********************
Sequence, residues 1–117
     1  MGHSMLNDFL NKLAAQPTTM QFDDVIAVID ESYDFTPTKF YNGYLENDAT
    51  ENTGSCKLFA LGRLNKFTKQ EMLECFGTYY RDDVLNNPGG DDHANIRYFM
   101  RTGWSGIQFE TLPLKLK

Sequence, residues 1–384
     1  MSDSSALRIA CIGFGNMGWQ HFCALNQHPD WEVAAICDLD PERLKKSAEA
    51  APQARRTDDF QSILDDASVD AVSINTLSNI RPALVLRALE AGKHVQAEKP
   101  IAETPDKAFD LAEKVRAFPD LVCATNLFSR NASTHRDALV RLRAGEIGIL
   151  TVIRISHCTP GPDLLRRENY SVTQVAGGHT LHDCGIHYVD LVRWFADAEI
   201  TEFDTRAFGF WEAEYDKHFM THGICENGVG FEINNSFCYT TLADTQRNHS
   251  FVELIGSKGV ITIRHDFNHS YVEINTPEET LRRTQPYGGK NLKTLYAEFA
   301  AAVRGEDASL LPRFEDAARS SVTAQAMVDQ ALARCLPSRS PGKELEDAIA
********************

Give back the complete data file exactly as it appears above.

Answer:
Sequence, residues 1–117
     1  MGHSMLNDFL NKLAAQPTTM QFDDVIAVID ESYDFTPTKF YNGYLENDAT
    51  ENTGSCKLFA LGRLNKFTKQ EMLECFGTYY RDDVLNNPGG DDHANIRYFM
   101  RTGWSGIQFE TLPLKLK

Sequence, residues 1–384
     1  MSDSSALRIA CIGFGNMGWQ HFCALNQHPD WEVAAICDLD PERLKKSAEA
    51  APQARRTDDF QSILDDASVD AVSINTLSNI RPALVLRALE AGKHVQAEKP
   101  IAETPDKAFD LAEKVRAFPD LVCATNLFSR NASTHRDALV RLRAGEIGIL
   151  TVIRISHCTP GPDLLRRENY SVTQVAGGHT LHDCGIHYVD LVRWFADAEI
   201  TEFDTRAFGF WEAEYDKHFM THGICENGVG FEINNSFCYT TLADTQRNHS
   251  FVELIGSKGV ITIRHDFNHS YVEINTPEET LRRTQPYGGK NLKTLYAEFA
   301  AAVRGEDASL LPRFEDAARS SVTAQAMVDQ ALARCLPSRS PGKELEDAIA